GAO study of Afghanistan security

Same thing with this.  pl

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6 Responses to GAO study of Afghanistan security

  1. Arun says:

    One man’s terrorist is another man’s freedom fighter remains true as long each only examines only the end, and not both the means and the ends.
    One simple test is how does the terrorist/freedom fighter behave towards other groups that have the same goal.
    As an application of that principle, the Mujahideen sponsored via Pakistan to fight the Soviets were murderous to each other; and they classify as terrorists, not freedom fighters.

  2. JohnH says:

    This is an audit? It looks to have been produced by one grunt with a computer and Google.
    Moreover, the audit seemed to pluck a single goal out of the many that have been used to justify the Occupation: stabilization. What happened catching OBL and protecting human rights, and promoting democracy?
    HRW did its own audit: “While the plight of women and girls under the Taliban was used to help justify the 2001 invasion of Afghanistan, women’s rights have not been a consistent priority of the government or its international backers.”
    “The situation for Afghan women and girls is dire and could deteriorate.”

  3. Charles I says:

    Future prospects for a domestic security capability are nicely limned in this 6 minute video which FB Ali was kind enough to forward: Exactly How good are the Afghan troops?

  4. curious says:

    Total and complete fraud.
    $40B spending in a country with less than $9B GDP? population of 20m? WTF? And people wonder why the war keeps going.
    With that much money, they better keep the taliban to keep shooting to put on a good show. Because at $400 GDP/capita, 2009 budget is enough to pay every single afghanis, man, women and children wage to do nothing for 5 years.
    for comparison:
    Florida state. Population 18m. (Budget 2005:$57B, 2005:$65)
    NY state. Population 19m. (Budget 2007:$118B)
    Ghana. Population 23m. (Budget 2008: $5.5B) That’s right. Total government budget!

  5. Charles I says:

    Security problems mean “Oversight of ongoing programs restricted.
    The GAO has “assessed the reliability of these financial and attack data as part of our previous work and have determined that they are sufficiently reliable for our purposes. Because DOD uses similar methodologies to derive the attack data it reports for Afghanistan and Iraq, we were able to compare both sets of data”.
    But there’s a hitch.
    DOD doesn’t agree with the comparisons, but the explanation would “involve sensitive information that could not be included in this report”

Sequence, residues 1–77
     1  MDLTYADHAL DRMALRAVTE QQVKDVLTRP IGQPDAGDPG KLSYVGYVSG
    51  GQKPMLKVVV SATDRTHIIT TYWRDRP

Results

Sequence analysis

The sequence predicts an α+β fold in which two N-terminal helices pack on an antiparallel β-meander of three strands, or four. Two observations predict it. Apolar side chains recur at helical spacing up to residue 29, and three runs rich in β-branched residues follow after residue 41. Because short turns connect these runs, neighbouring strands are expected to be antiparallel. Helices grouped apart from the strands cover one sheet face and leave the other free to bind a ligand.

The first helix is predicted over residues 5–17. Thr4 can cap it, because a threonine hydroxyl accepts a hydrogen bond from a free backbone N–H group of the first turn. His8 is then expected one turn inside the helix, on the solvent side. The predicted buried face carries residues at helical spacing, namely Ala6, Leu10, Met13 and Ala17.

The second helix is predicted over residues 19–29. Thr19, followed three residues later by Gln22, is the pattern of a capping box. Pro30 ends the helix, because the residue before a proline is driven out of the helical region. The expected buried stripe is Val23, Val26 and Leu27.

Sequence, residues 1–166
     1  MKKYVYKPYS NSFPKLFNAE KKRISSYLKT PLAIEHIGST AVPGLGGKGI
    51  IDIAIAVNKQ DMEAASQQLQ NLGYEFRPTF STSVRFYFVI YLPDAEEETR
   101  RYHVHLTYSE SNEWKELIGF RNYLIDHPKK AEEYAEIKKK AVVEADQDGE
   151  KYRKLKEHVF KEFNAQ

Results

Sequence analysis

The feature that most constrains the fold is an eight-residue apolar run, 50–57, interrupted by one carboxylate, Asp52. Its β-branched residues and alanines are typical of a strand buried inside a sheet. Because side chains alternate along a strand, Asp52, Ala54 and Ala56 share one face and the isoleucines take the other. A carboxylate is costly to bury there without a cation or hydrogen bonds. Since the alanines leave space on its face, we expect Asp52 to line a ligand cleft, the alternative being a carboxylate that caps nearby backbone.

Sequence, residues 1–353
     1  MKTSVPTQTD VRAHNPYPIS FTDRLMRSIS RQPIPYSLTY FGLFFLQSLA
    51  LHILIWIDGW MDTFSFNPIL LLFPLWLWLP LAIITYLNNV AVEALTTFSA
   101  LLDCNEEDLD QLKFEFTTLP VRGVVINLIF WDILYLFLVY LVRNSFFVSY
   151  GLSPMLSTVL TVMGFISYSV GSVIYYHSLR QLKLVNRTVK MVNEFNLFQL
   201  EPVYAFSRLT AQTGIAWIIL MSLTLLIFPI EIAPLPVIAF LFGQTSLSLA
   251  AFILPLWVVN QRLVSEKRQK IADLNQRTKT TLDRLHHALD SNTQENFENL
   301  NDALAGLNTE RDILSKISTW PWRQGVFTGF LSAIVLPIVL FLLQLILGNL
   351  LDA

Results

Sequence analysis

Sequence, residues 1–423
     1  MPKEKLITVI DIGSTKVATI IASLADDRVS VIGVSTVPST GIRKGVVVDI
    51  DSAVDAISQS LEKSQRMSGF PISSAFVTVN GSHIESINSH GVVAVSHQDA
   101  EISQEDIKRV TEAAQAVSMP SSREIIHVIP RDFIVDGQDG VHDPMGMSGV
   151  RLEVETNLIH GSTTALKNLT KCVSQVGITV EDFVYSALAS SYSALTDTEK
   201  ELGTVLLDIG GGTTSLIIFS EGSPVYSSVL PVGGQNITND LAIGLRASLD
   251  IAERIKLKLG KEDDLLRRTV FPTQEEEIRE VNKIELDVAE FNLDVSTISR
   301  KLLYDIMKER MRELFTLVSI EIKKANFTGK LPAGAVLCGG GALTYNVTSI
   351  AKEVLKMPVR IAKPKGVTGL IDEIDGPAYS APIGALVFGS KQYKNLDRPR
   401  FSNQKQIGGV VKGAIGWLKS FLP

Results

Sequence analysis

So, first there’s no oversight due to security, we don’t know what the hell is going on.
    Then report utilizes comparative assessment factors that “could not be included in this report”.
    I guess you get what you pay for. I see in the charts that $38bn in assistance was “provided to Afghanistan 2002 -2009.
    I know Canada has put $50 million into a dam refurbishment project supposed to electrify development potential and create 10,000 jobs. After 8 years and the $50 mill, Canada’s auditor General determined that they occasionally churn out a smidgeon of power, with butter churns for all I know, and a grand total of EIGHTYNINE jobs have been created.
    The situation is dire and going to get direr, and at the end of our attention spans, we will never put the will to power into it to do it right. I’m sorry for the women and children, but we are not going to fix it, let alone stabilize it.

  6. Charles I says:

    Further to my dam comment above:
    Taliban stalls key hydroelectric turbine project in Afghanistan
    Convoy diverted British troops from front but generator may never be used
    * Jon Boone in Kabul
    *, Sunday 13 December 2009 22.18 GMT
    Kajaki dam, Afghanistan
    Two thousand British troops took part in the mission to deliver 220 tonnes of equipment to the Kajaki dam, pictured. Photograph: Bronwen Roberts/AFP/Getty Images
    An enormous hydroelectric turbine dragged at huge cost by British troops through Taliban heartlands last year may never be installed because Nato has been unable to secure a 30-mile stretch of road leading to an isolated dam in northern Helmand.
    The daring mission to deliver 220 tonnes of equipment to the Kajaki dam in Afghanistan in September 2008 was hailed as one of the biggest success stories of the British Army’s three-year deployment in Helmand.